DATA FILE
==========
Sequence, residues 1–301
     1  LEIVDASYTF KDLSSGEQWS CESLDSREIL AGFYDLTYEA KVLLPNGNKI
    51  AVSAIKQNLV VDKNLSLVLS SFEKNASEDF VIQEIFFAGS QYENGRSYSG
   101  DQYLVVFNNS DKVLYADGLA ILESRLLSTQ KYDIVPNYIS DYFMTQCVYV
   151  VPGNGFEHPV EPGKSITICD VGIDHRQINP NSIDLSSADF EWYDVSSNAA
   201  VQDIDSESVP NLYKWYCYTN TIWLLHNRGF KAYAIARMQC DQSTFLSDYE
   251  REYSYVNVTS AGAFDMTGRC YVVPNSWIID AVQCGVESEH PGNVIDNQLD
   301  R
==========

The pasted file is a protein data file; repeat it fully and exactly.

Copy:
Sequence, residues 1–301
     1  LEIVDASYTF KDLSSGEQWS CESLDSREIL AGFYDLTYEA KVLLPNGNKI
    51  AVSAIKQNLV VDKNLSLVLS SFEKNASEDF VIQEIFFAGS QYENGRSYSG
   101  DQYLVVFNNS DKVLYADGLA ILESRLLSTQ KYDIVPNYIS DYFMTQCVYV
   151  VPGNGFEHPV EPGKSITICD VGIDHRQINP NSIDLSSADF EWYDVSSNAA
   201  VQDIDSESVP NLYKWYCYTN TIWLLHNRGF KAYAIARMQC DQSTFLSDYE
   251  REYSYVNVTS AGAFDMTGRC YVVPNSWIID AVQCGVESEH PGNVIDNQLD
   301  R